"That was different; that was upon business. But, Barbara, I think your mother looks unusually ill."
"You know she suffers a little thing to upset her; and last night she had what she calls one of her dreams," answered Barbara. "She says that it is a warning that something bad is going to happen, and she has been in the most unhappy, feverish state possible all day. Papa has been quite angry over her being so weak and nervous, declaring that she ought to rouse herself out of her 'nerves.' Of course we dare not tell him about the dream."
"It related to—the——"
Mr. Carlyle stopped, and Barbara glanced round with a shudder, and drew closer to him as she whispered. He had not given her his arm this time.
"Yes, to the murder. You know mamma has always declared that Bethel had something to do with it; she says her dreams would have convinced her of it, if nothing else did; and she dreamt she saw him with—with—you know."
"Hallijohn?" whispered Mr. Carlyle.
"With Hallijohn," assented Barbara, with a shiver. "He was standing over him as he lay on the floor; just as he did lay on it. And that wretched Afy was standing at the end of the kitchen, looking on."
"But Mrs. Hare ought not to suffer dreams to disturb her peace by day," remonstrated Mr. Carlyle. "It is not to be surprised at that she dreams of the murder, because she is always dwelling upon it; but she should strive and throw the feeling from her with the night."
"You know what mamma is. Of course she ought to do so, but she does not. Papa wonders what makes her get up so ill and trembling of a morning; and mamma has to make all sorts of evasive excuses; for not a hint, as you are aware, must be breathed to him about the murder."
Mr. Carlyle gravely nodded.
"Mamma does so harp about Bethel. And I know that dream arose from nothing in the world but because she saw him pass the gate yesterday. Not that she thinks that it was he who did it; unfortunately, there is no room for that; but she will persist that he had a hand in it in some way, and he haunts her dreams."
Mr. Carlyle walked on in silence; indeed there was no reply that he could make. A cloud had fallen upon the house of Mr. Hare, and it was an unhappy subject. Barbara continued,—
"But for mamma to have taken it into her head that 'some evil is going to happen,' because she had this dream, and to make herself miserable over it, is so absurd, that I have felt quite cross with her all day. Such nonsense, you know, Archibald, to believe that dreams give signs of what is going to happen, so far behind these enlightened days!"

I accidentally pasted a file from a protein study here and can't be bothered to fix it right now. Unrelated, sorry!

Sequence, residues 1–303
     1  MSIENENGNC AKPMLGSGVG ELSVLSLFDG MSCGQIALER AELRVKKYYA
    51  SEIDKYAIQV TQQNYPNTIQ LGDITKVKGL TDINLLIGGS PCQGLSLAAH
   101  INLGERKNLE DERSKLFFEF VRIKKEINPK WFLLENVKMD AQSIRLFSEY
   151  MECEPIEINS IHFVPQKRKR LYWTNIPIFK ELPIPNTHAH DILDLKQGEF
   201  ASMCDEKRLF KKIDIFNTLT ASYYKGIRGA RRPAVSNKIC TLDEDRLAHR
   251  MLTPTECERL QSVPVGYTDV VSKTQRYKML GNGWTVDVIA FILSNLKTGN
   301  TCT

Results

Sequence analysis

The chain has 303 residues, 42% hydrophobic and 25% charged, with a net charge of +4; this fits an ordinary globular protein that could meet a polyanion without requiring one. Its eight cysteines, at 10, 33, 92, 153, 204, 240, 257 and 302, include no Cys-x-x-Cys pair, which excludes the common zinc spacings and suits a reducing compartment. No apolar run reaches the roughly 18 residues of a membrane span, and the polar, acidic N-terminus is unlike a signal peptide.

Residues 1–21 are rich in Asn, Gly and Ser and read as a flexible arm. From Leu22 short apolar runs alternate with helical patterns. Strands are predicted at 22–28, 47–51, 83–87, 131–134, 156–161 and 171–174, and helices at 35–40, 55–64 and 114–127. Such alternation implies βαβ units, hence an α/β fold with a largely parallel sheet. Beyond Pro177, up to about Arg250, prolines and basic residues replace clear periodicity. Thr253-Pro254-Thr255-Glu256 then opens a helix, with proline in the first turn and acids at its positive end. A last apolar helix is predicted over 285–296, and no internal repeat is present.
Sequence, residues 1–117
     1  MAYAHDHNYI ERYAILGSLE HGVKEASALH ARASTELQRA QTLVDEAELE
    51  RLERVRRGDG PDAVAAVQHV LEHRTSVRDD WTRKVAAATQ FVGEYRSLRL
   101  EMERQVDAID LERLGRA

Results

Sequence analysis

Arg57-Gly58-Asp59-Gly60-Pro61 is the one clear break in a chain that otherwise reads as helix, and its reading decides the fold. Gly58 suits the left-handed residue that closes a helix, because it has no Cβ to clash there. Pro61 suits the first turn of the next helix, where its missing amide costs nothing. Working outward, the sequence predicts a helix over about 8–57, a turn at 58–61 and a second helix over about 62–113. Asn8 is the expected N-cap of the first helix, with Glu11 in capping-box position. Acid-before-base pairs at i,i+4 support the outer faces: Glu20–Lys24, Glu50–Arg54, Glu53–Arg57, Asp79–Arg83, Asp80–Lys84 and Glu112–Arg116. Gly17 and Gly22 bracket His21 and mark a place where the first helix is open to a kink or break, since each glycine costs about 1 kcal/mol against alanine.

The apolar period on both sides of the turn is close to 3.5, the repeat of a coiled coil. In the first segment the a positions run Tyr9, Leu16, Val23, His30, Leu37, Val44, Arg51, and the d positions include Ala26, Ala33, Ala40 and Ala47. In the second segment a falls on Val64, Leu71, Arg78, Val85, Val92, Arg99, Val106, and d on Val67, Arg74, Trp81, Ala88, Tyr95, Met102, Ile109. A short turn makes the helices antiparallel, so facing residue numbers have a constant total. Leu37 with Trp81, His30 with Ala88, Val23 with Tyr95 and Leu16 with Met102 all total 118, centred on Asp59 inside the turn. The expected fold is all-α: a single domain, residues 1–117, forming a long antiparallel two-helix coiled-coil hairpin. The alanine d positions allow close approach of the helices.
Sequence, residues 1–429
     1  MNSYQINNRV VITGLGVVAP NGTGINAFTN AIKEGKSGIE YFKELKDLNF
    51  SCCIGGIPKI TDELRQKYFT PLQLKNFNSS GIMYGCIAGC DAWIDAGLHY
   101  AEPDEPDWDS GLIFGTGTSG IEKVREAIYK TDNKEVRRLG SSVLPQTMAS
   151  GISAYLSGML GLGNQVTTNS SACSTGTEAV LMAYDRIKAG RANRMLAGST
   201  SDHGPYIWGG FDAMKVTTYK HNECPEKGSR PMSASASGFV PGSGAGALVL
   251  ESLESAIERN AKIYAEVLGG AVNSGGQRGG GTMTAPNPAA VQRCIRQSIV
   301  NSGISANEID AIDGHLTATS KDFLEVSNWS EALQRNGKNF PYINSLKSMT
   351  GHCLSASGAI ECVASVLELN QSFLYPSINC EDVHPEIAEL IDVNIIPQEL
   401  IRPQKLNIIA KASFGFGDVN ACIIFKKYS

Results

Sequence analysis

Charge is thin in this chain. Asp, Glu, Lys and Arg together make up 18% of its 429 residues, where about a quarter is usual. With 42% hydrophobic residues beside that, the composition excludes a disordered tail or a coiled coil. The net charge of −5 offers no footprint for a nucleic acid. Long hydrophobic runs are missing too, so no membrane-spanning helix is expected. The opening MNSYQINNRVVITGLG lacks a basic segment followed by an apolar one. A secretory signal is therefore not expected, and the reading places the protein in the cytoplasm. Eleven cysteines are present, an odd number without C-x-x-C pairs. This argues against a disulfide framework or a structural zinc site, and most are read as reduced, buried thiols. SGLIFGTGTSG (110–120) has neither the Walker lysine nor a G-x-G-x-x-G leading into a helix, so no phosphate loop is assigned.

"Your mamma's trouble is great, Barbara; and she is not strong."
"I think all our troubles have been great since—since that dark evening," responded Barbara.
"Have you heard from Anne?" inquired Mr. Carlyle, willing to change the subject.
"Yes, she is very well. What do you think they are going to name the baby? Anne; after her mamma. So very ugly a name! Anne!"
"I do not think so," said Mr. Carlyle. "It is simple and unpretending, I like it much. Look at the long, pretentious names of our family—Archibald! Cornelia! And yours, too—Barbara! What a mouthful they all are!"
Barbara contracted her eyebrows. It was equivalent to saying that he did not like her name.
They reached the gate, and Mr. Carlyle was about to pass out of it when Barbara laid her hand on his arm to detain him, and spoke in a timid voice,—
"What is it?"
"I have not said a word of thanks to you for this," she said, touching the chain and locket; "my tongue seemed tied. Do not deem me ungrateful."
"You foolish girl! It is not worth them. There! Now I am paid. Good-night, Barbara."
He had bent down and kissed her cheek, swung through the gate, laughing, and strode away. "Don't say I never gave you anything," he turned his head round to say, "Good-night."
All her veins were tingling, all her pulses beating; her heart was throbbing with its sense of bliss. He had never kissed her, that she could remember, since she was a child. And when she returned indoors, her spirits were so extravagantly high that Mrs. Hare wondered.
"Ring for the lamp, Barbara, and you can get to your work. But don't have the shutters closed; I like to look out on these light nights."
Barbara, however, did not get to her work; she also, perhaps, liked "looking out on a light night," for she sat down at the window. She was living the last half hour over again. "'Don't say I never gave you anything,'" she murmured; "did he allude to the chain or to the—kiss? Oh, Archibald, why don't you say that you love me?"
Mr. Carlyle had been all his life upon intimate terms with the Hare family. His father's first wife—for the late lawyer Carlyle had been twice married—had been a cousin of Justice Hare's, and this had caused them to be much together. Archibald, the child of the second Mrs. Carlyle, had alternately teased and petted Anne and Barbara Hare, boy fashion. Sometimes he quarreled with the pretty little girls, sometimes he caressed them, as he would have done had they been his sisters; and he made no scruple of declaring publicly to the pair that Anne was his favorite. A gentle, yielding girl she was, like her mother; whereas Barbara displayed her own will, and it sometimes clashed with young Carlyle's.